Chavchavadze, Ilia Grigorevich

The following article is from The Great Soviet Encyclopedia (1979). It might be outdated or ideologically biased.

Chavchavadze, Il’ia Grigor’evich


Born Oct. 27 (Nov. 8), 1837, in Kvareli; died Aug. 30 (Sept. 12), 1907. Georgian writer and public figure.

The son of a prince, Chavchavadze entered the University of St. Petersburg in 1857. In 1861 he returned to Georgia, where he became the head of the revolutionary democratic school of Georgian literature. He helped found the Tergdaleulebi movement. Beginning in 1864, Chavchavadze served in state and civic institutions as well as engaging in literary activity. He was a member of the commission that regulated relations between the gentry and the peasants after the emancipation of 1861; he also served as a mirovoi posrednik (mediator of the peace) and as a judge. For many years, Chavchavadze was chairman of the Society for the Dissemination of Literacy Among Georgians. From 1877 through 1902 he was the editor of the newspaper Iveriia, and in 1879 he was chairman of the administrative board of the Georgian Dramatic Society.

Chavchavadze lived in St. Petersburg for a number of years, and in 1906 was elected a member of the Council of State; he belonged to its academic faction, which included mainly members of the progressive bourgeoisie. Chavchavadze considered it his duty to defend the interests of Georgia and its people. As an opponent of the autocratic system of serfdom and a prominent representative of the Georgian national liberation movement, Chavchavadze was constantly under police surveillance. Many of his works were banned by the censorship. Chavchavadze was murdered by assassins hired by the tsarist Okhranka while on a journey from Tbilisi to Saguramo.

To Chavchavadze, literature was a means of understanding reality. He agreed with the aesthetic views of the revolutionary democrats, believing that art, and particularly literature, while reflecting reality, were subordinate in their development to its laws. Chavchavadze asserted that the study of life itself was the main prerequisite for artistic creativity. A staunch foe of the theory of art for art’s sake, Chavchavadze demanded that art have social significance and an ideological content and that it participate actively in the struggle for social progress. These views, which significantly influenced the Georgian shestidesiatniki (men of the sixties), were expressed in Chavchavadze’s Notes of a Traveler (1861).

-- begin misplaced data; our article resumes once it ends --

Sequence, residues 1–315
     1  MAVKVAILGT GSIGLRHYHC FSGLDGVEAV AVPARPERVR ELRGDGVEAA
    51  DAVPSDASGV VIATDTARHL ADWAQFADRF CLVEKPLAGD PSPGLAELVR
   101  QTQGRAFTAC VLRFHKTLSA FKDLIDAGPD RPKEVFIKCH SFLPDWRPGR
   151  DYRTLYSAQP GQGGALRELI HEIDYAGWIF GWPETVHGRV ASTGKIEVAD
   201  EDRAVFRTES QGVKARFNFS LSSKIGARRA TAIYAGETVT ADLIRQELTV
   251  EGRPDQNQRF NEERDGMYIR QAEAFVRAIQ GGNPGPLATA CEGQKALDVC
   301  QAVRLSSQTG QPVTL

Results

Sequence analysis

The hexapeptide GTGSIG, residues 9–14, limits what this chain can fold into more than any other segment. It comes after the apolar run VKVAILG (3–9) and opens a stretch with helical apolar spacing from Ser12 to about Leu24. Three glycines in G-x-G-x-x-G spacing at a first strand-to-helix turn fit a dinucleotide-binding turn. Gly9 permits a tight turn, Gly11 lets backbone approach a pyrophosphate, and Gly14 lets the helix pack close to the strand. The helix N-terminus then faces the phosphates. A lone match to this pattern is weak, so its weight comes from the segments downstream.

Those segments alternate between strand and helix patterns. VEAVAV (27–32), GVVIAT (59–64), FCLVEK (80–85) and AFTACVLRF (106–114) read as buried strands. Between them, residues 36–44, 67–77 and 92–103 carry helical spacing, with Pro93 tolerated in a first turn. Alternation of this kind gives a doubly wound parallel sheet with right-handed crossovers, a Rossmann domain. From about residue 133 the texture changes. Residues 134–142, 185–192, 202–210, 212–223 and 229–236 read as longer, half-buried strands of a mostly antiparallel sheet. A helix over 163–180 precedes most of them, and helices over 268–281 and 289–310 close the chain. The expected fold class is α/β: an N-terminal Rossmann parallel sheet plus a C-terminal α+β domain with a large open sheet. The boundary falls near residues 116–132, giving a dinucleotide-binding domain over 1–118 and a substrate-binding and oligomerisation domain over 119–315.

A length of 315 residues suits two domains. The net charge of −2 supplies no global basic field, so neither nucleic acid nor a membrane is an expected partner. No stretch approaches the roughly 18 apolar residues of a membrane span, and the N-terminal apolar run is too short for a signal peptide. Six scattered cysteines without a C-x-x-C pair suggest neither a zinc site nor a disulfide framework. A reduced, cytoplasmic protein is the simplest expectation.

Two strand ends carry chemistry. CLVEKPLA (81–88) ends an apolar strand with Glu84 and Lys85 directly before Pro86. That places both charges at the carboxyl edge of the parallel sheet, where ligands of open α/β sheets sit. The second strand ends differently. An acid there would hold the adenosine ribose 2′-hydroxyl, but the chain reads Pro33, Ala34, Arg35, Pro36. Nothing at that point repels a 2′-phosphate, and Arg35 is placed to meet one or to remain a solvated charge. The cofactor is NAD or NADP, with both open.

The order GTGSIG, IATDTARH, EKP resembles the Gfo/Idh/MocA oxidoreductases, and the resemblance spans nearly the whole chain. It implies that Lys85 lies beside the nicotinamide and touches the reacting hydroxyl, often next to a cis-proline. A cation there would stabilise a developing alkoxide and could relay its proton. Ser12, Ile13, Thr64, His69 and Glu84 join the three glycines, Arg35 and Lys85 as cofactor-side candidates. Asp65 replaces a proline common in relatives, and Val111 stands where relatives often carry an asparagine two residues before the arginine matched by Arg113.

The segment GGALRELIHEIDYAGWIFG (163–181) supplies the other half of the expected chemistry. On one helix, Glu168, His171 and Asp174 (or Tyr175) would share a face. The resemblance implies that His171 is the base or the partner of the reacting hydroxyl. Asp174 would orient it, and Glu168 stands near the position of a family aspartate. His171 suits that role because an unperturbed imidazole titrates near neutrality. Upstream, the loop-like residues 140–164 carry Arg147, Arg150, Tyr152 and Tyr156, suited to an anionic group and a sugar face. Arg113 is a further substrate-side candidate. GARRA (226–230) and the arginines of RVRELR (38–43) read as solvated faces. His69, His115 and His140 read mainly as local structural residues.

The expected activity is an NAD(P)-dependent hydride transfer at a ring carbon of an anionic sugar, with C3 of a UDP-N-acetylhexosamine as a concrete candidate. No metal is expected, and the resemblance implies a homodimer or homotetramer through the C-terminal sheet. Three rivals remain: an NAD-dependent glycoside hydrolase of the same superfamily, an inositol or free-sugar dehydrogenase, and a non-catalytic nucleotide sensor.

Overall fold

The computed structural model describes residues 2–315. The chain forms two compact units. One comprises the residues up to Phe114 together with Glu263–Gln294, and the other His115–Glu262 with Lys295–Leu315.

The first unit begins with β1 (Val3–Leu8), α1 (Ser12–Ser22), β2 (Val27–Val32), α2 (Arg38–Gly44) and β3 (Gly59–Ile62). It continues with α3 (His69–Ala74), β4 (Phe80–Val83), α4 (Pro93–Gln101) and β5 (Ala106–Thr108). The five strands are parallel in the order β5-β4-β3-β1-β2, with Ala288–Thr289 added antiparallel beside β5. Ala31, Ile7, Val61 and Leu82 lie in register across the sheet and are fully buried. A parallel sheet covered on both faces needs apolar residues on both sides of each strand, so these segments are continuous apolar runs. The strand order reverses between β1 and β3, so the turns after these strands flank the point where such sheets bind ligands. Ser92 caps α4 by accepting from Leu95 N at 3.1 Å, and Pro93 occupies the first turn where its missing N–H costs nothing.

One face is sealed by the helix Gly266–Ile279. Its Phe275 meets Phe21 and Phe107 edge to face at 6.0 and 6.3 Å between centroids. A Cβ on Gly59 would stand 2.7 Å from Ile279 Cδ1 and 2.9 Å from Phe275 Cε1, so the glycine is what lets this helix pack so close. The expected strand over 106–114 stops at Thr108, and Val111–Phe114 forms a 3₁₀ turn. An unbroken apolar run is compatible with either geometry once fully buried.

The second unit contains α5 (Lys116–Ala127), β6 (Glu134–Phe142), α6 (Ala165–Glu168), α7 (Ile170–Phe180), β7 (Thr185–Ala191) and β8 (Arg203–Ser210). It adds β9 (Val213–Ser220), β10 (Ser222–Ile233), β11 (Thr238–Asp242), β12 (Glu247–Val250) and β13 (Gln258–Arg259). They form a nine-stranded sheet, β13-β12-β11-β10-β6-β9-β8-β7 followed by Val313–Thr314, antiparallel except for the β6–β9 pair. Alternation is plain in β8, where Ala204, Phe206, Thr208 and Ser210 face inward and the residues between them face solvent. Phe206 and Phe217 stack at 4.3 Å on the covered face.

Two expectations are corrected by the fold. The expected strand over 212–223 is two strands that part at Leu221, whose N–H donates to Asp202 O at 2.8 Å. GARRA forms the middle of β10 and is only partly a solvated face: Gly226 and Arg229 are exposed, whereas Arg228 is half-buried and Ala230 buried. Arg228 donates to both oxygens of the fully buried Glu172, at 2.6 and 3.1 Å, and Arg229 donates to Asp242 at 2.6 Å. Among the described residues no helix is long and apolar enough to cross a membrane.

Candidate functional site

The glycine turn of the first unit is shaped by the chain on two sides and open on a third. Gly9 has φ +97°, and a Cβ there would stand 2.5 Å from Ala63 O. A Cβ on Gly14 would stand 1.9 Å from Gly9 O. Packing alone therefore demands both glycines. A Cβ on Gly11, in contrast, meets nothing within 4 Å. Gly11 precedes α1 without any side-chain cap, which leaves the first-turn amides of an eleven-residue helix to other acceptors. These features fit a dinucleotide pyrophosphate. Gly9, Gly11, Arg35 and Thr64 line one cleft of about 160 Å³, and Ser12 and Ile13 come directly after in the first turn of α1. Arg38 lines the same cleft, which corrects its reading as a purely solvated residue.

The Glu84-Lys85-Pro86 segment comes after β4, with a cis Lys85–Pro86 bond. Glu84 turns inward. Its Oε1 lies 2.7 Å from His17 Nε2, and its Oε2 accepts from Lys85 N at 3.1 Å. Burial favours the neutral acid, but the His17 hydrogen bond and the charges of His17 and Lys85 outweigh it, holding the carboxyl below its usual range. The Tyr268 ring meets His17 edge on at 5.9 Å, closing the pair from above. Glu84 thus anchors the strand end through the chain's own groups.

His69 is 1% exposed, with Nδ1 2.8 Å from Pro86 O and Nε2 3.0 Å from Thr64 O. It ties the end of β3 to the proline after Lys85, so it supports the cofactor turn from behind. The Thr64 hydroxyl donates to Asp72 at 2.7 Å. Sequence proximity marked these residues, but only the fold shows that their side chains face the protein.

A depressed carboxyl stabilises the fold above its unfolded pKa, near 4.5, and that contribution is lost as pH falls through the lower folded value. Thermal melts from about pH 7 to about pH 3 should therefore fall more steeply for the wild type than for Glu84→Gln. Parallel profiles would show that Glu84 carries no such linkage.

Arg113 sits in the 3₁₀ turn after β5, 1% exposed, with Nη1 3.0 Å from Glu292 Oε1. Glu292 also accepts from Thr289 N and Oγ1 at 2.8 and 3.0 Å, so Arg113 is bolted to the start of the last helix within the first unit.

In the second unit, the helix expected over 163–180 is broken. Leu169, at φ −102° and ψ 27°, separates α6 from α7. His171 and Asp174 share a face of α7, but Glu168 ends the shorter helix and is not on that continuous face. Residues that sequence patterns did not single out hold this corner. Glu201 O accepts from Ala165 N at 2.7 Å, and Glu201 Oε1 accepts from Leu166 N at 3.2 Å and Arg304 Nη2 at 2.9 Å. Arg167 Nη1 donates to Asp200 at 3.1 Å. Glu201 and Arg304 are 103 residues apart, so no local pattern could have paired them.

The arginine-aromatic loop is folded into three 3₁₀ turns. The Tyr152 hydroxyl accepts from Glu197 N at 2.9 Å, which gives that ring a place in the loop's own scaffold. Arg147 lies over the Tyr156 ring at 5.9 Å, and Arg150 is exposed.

As a writer, Chavchavadze responded with sensitivity to contemporary Georgian life. His works attacked serfdom and reflected the disintegration of the feudal way of life. The narrative poems The Vision (1859) and Several Scenes, or An Incident From a Robber’s Life (1860) and the novella Tale of a Pauper (1859–62) depicted the toiling people’s lack of rights as well as the conflicts among Georgia’s social classes. Chavchavadze firmly believed that the future belonged to the working people but realized that the contradictions inherent in serfdom could not be eliminated as long as the system of serfdom itself existed. Although he did not advocate abolishing these contradictions through revolution, he foresaw that serfdom would inevitably be destroyed. Chavchavadze’s indictment of the landowning way of life in the novella Is He a Human Being? (1859–63) evoked the displeasure of the Georgian gentry.

Chavchavadze’s works dealt with major social and historical issues. In 1887 he completed the novella Otar’s Widow, which elucidated the relations between peasants and landowners after the abolition of serfdom in Georgia. Chavchavadze’s poetry is largely patriotic and civic. Many of his lyrics, beginning with “To the Mountains of Kvareli” (1857), depict his native landscape. However, these works also have civic motifs; the poem “Musha” (1863), for example, is permeated with ardent sympathy for poverty-stricken laborers. In 1872, Chavchavadze wrote poems about the Paris Commune of 1871. The idea of devotion to public service was the inspiration for the narrative poem The Hermit (1883), in which Chavchavadze presented a philosophical reinterpretation of a folk plot.

Chavchavadze’s poetic language is vivid, picturesque, and permeated with a genuine national spirit. His works have been translated into many foreign languages. Memorial museums devoted to Chavchavadze have been founded on his estate in Saguramo (1951), in the village of Kvareli (1937), and in Tbilisi (1957).


Chavchavaze, I. T‘xzulebat‘a sruli krebuli, vols. 1–10. Edited by P. Ingoroqva. Tbilisi, 1950–61.
In Russian translation:
Ihbrannoe. Tbilisi, 1947.
Izbrannoe. Tbilisi, 1952.


Zandukeli, M. Ocherkipo istorii gruz. lit-ry XIX v., 2nd ed. Tbilisi, 1955.
Baramidze, A., Sh. Radiani, and B. Zhgenti. Istoriia gruz. lit-ry: Kratkiiocherk. Tbilisi, 1958.
Jiblaze, G. Ilia Chavchavaze. Tbilisi, 1966.
Zandukeli, M. Ilia Chavchavazis mxatvruli ostatoba. Tbilisi, 1968.
Nakashize, T‘., and N. Korzaia. Ilia Chavchavaze: Biobibliograp‘ia. Tbilisi, 1966.


The Great Soviet Encyclopedia, 3rd Edition (1970-1979). © 2010 The Gale Group, Inc. All rights reserved.